In the last 20 years, rapid technological advances have helped democratise access to knowledge in education at scale. Sal Khan is one of the most famous examples of one man who has been able to reach millions of people through Khan Academy. The rise of access to mobile digital devices and the internet has also brought huge benefits in education for underdeveloped regions. In many parts of sub-Saharan Africa, China, India, and others, owning a mobile phone can be more common than access to electricity. While people still struggle for an affordable and reliable internet connection, companies like Kiwix and Kolibri are helping to solve this problem with offline and low-cost technological solutions.
Despite these great advances in access to digital technologies, over 10 million 15-year old students represented in the latest PISA global assessment were not able to complete even the most basic reading tasks normally mastered by the age of 10. The implications of this can be shocking. For example, while young people today spend around 3.5 hours daily online in OECD areas, over 90% of these students cannot distinguish fact from fiction, and commonly rely on superficial factors to evaluate trustworthiness (for example, a website’s design aesthetics). The proliferation of access to technology in the last 20 years is clearly not preparing young people for the future like many had hoped.
However, perhaps there are more urgent issues that need addressing to do with the mental wellbeing of students. PISA’s recent results also indicated that around one-third of students said they were not satisfied with their lives, a quarter reported being bullied at-least a few times a month, and 6% reported always feeling sad. The online world, in particular, creates a space that connects a student’s life both in and out of school. For the young people who grow up with access to digital devices and social media platforms from birth, the difference between online and offline environments are often not distinguishable in comparison to the perspective of many adults today (who may remember a life without them). Consequently, the online problems that emerge for school students are difficult for adults to understand because they frequently have more digital skills and understanding of the current problems than they do. For this reason, education around digital wellbeing lacks the rigour and relevance to be meaningful for young people today.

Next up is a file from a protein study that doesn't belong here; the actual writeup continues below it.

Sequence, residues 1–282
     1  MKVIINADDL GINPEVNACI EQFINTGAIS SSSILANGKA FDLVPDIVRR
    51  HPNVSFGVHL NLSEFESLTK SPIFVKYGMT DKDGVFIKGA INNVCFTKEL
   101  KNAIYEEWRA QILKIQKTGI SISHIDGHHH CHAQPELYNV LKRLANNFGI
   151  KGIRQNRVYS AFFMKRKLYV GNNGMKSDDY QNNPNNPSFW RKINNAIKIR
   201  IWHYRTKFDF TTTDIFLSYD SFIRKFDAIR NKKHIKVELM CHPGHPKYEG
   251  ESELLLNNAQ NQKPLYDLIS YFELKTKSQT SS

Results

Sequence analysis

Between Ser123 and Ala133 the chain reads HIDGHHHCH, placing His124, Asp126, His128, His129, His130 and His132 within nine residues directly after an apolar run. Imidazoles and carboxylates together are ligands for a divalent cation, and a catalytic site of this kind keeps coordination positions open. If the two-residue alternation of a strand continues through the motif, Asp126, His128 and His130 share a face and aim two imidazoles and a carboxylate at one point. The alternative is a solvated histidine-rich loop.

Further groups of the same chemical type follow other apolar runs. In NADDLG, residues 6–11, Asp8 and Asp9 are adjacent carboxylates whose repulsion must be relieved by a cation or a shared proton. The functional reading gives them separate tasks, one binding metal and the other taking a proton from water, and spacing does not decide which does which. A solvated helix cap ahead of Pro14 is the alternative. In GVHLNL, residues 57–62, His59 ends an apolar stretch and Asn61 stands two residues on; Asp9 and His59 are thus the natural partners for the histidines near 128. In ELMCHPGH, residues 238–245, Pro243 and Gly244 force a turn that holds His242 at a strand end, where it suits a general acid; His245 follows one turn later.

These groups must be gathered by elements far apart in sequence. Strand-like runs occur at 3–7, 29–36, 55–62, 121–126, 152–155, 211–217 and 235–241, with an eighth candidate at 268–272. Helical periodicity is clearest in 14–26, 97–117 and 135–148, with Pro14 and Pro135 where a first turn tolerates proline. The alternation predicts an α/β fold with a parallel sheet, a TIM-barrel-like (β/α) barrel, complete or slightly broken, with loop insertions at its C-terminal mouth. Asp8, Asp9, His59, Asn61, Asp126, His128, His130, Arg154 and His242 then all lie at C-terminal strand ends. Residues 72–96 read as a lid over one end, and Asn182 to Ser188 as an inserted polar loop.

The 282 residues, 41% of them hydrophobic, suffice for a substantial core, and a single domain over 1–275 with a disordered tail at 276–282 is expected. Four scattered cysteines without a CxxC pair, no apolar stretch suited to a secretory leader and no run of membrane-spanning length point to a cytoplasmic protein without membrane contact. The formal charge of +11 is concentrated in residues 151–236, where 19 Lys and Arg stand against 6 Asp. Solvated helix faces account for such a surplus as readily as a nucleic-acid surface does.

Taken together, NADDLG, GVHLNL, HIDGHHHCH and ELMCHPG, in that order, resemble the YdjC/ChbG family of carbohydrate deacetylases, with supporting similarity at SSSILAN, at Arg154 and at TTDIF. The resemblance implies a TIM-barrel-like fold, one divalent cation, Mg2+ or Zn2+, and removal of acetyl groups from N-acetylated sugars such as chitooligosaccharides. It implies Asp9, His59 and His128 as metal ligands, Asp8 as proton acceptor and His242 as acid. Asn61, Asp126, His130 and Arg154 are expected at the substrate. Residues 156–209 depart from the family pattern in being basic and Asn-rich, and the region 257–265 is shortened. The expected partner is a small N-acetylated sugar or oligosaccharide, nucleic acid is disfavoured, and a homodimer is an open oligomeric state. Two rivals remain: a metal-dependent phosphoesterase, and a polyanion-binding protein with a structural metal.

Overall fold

How can technology help prepare young people for the modern world?
More technology is not the answer alone. Instead, leaders should look towards the thoughtful integration of technologies at all micro and macro levels in the education ecosystem. Let me explain what I mean by integration; technology integration is about increasing engagement with real world problems that the intended users already have direct experience in. For example, students shouldn’t just go through a linear online course to achieve learning outcomes set by curricula – they should be involved in the decision to select online courses to solve a particular problem they have direct access to in the real world.